All artifacts from Baekje king’s tomb go on display for first time

GONGJU, South Korea-- Gongju National Museum on Tuesday opened the first-ever exhibition of all 5,232 artifacts that were excavated 50 years ago from the tomb of King Muryeong, who ruled the Baekje Kingdom in the sixth century.

The exhibition, which marks the 50th anniversary of the tomb's discovery, offers a rare opportunity to view some of the most valuable cultural assets of the Baekje Kingdom (18 B.C.-A.D. 660), including 12 designated national treasures, and showcases the wooden coffins, jewelry and other articles assigned to Baekje's 25th king, who reigned from 501-523, and his queen.

"If previous exhibitions on King Muryeong's tomb were recitals or concertos, this exhibition is a symphony," Han Soo, the museum director, said during a press conference Monday. "There will not be another (exhibition) at least within the next generation of all of the artifacts from King Muryeong's tomb."

Now UNESCO World Heritage, the tomb where the king and queen were buried together was discovered by accident in July 1971 during construction work on a drainage system in Gongju, 161 kilometers south of Seoul.

A team of archeologists initially dug out some 4,600 articles from the tomb but were soon criticized for conducting a sloppy survey without proper documentation.

Later research produced some 600 more items, bringing the total to the current 5,232.

Still, as the only royal tomb whose owner and date of creation are known, the discovery has served as a key reference point for historical and archeological research.

The museum said it will display 5,283 documents and materials related to the excavation, in addition to the actual articles.

The exhibit is being held in two halls to provide a look back on the achievements thus far and a glimpse of the tasks still ahead.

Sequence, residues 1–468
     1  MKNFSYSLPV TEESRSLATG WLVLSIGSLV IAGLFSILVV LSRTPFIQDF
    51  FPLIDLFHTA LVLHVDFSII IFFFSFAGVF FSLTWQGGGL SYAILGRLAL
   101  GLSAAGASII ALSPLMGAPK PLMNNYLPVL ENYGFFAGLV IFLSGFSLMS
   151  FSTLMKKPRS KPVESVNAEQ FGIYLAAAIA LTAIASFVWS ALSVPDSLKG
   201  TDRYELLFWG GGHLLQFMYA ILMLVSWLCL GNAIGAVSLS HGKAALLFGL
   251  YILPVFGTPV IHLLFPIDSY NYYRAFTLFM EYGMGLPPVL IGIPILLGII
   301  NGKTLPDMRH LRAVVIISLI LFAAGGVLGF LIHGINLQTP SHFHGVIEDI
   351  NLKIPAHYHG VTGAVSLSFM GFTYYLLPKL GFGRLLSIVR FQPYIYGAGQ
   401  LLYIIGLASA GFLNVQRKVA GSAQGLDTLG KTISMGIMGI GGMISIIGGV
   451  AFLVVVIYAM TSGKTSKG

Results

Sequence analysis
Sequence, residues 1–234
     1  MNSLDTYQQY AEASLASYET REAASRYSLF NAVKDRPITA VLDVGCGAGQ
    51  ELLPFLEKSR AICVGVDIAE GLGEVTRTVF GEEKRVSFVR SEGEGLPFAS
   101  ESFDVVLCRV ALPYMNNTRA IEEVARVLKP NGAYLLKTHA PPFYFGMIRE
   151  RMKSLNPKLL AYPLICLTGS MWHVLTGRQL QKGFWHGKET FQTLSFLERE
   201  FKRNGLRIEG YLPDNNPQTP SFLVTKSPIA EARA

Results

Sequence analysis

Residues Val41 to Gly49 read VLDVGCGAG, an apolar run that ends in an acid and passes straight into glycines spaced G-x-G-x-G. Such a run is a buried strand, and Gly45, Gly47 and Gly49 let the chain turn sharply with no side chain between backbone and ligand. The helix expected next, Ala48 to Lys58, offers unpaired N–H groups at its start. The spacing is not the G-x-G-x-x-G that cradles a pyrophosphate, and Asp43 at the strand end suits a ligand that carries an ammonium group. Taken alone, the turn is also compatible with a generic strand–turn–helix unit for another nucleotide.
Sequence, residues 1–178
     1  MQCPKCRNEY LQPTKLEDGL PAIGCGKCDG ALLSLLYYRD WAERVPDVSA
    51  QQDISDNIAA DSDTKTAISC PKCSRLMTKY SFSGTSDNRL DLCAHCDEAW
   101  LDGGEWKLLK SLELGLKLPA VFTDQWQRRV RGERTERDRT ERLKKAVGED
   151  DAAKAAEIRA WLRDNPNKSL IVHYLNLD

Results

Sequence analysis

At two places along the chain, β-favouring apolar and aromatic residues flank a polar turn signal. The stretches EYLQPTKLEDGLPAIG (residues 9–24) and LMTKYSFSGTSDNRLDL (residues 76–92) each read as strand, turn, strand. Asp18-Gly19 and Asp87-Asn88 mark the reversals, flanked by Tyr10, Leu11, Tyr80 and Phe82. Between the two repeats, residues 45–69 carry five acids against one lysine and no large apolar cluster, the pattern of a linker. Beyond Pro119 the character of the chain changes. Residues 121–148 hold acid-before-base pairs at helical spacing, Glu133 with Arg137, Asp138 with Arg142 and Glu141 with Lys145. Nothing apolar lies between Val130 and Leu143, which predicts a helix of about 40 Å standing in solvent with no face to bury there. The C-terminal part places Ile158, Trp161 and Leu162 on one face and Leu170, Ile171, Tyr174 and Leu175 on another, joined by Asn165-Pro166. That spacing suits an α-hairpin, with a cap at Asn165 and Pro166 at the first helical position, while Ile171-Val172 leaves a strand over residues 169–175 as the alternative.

In the Ungjin Baekje Hall, the permanent exhibition hall, visitors can view artifacts that were worn by the king and queen, including gold earrings and ornaments used to decorate their crowns, or found near their remains, such as a silver cup placed above the queen's head.

The special exhibition hall carries displays of the first documents and blueprints from the excavation work 50 years ago and clippings of news articles that described the excitement of academia and the local community at the time.

Also shown are a stone sculpture of an imaginary animal guardian that stood guard inside the tomb, a stone tablet identifying the tomb as that of King Muryeong and a Chinese celadon indicating Baekje had relations with China.

The last section of the exhibit presents future tasks, such as determining how the king and queen's funerals proceeded and the usage of some of the artifacts.

The exhibition will run through March 6, 2022, but some articles, including the king and queen's wooden pillows and foot rests will only be on display until Sept. 26 and then be replaced with replicas, the museum said.

Baekje ruled over the southwestern region of the Korean Peninsula when it was a part of the Three Kingdoms, alongside Koguryo and Silla.

Until its fall in 660 to allied forces of Silla and China's Tang Dynasty, Baekje boasted a unique and rich culture that developed over the course of moving capitals three times. Gongju was the second capital.

While Baekje initially absorbed the influences of Koguryo's culture, it later created its own sophisticated and elegant culture based on Chinese influences.

Historians say Baekje played a central role in establishing a common culture in ancient East Asia.

Source: Yonhap News Agency

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